Just before her death with her best friend Jack

In the two-part series finale, set in 2008, the gang learns of Jen's fatal heart condition, pulmonary congestion, after she faints during Gale Leery's second wedding. Jen, now the single mother of a one-year-old daughter, Amy, ends up hospitalized and reveals to Jack, her best friend, that there is nothing to be done to save her. Leaving Amy in Jack's care, Jen dies with Grams at her side on May 14, 2008.


Until I can look at myself without judgment or condemnation, I'm not ready for anybody – let alone you
—Jen to Henry[src]
I don’t think that everybody meets the love of their life when they’re a teenager, or when they’re 25, or even when they’re 35. But that doesn’t mean that you stop looking and hoping. Because you’ll meet that person, and when you do, I guess you’ll know it
Hi, Amy, it's mom. Well, by the time you see this, I won't be here anymore, and I know how much that sucks, for both of us. So seeing as how I won't be around to thoroughly annoy you, I thought I would give you a little list of the things that I wish for you. Well, there's the obvious. An education. Family. Friends. And a life that is full of the unexpected. Be sure to make mistakes. Make a lot of them, because there's no better way to learn and to grow, all right? And, um, I want you to spend a lot of time at the ocean, because the ocean forces you to dream, and I insist that you, my girl, be a dreamer. God. I've never really believed in God. In fact, I've spent a lot of time and energy trying to disprove that god exists. But I hope that you are able to believe in god, because the thing that I've come to realize, sweetheart... is that it just doesn't matter if god exists or not. The important thing is for you to believe in something, because I promise you that that belief will keep you warm at night, and I want you to feel safe always. And then there's love. I want you to love to the tips of your fingers, and when you find that love, wherever you find it, whoever you choose, don't run away from it. But you don't have to chase after it either. You just be patient, and it'll come to you, I promise, and when you least expect it, like you, like spending the best year of my life with the sweetest and the smartest and the most beautiful baby girl in the world. You don't be afraid, sweetheart. And remember, to love is to live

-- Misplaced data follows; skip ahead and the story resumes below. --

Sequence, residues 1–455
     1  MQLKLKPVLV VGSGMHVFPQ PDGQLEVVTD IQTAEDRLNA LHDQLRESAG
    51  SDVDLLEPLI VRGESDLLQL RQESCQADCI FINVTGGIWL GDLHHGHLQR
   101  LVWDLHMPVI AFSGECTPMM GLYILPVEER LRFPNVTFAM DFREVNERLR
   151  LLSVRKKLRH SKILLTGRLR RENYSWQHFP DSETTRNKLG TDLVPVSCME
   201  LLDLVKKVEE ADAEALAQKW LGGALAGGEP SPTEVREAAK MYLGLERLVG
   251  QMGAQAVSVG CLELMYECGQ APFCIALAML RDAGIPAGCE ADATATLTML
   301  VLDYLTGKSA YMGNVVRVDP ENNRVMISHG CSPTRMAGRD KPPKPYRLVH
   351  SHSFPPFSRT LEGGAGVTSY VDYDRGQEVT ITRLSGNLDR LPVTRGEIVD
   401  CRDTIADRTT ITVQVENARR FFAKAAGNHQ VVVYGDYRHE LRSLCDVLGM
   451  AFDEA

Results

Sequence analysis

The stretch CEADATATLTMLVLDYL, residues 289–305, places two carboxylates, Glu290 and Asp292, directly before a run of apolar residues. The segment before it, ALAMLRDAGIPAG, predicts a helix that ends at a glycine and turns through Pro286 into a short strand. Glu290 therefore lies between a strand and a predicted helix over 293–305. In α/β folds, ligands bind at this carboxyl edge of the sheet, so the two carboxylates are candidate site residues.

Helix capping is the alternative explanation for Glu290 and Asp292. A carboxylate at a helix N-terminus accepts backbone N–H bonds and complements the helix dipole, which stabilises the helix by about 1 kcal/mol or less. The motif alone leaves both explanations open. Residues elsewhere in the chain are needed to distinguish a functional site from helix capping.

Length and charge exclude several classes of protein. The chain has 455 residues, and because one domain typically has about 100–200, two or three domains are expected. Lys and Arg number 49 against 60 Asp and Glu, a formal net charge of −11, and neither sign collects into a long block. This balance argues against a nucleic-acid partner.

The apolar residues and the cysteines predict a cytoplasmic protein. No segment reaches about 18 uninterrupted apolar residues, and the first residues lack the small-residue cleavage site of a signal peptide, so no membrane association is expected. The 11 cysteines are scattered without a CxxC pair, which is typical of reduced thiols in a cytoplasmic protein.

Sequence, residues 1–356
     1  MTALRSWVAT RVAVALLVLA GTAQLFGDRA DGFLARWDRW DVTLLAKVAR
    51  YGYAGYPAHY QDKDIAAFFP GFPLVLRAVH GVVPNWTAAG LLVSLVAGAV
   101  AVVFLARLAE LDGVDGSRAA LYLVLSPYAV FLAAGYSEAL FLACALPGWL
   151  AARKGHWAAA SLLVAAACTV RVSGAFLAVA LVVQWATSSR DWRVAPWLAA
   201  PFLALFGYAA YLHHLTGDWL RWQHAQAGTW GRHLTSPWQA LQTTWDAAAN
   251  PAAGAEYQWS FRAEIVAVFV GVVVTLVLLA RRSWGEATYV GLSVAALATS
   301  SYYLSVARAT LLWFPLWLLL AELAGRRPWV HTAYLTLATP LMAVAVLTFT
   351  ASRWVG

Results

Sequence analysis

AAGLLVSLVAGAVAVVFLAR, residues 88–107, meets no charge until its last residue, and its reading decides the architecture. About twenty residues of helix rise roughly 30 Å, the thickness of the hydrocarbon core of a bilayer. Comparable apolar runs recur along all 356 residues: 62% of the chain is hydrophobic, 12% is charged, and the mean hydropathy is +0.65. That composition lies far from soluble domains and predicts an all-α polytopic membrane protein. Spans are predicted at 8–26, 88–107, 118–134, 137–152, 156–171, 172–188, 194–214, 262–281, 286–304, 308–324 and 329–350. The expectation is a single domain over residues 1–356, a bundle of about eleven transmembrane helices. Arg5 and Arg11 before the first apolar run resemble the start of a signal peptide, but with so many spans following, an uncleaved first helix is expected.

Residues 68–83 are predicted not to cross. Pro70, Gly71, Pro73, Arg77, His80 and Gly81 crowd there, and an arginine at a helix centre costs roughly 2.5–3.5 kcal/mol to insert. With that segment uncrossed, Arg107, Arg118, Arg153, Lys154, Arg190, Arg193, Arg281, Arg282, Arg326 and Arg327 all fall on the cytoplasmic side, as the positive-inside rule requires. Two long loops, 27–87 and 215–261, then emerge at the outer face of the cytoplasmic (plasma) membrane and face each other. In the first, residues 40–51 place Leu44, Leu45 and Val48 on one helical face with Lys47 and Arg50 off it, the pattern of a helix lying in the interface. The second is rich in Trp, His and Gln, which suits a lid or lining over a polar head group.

—Jen to her daughter[src]

Jen's website[]

Jen Lindley's Official Home Page


"Dealing with the death of one of their own was the final thing that thrust them into adulthood forever. Dawson's Creek was a coming-of-age story and that was the idea behind that ending. That's why we killed Jen, because I wanted them to deal with a death of one their own as that final lesson. That's what forced Joey to make a decision."[24]


Jen Lindley/Gallery


19 Reasons Jen Lindley Was Actually The Best Character On "Dawson's Creek" (BUZZFEED • DEC 2020)
Dawson's Creek's Jen Lindley: '90s Other Woman but Today's Feminist Icon (TV Guide • JAN 2018)
It Still Stings: Dawson's Creek's Unfair Treatment of Jen Lindley (PASTE • NOV 2022)

Notes and references[]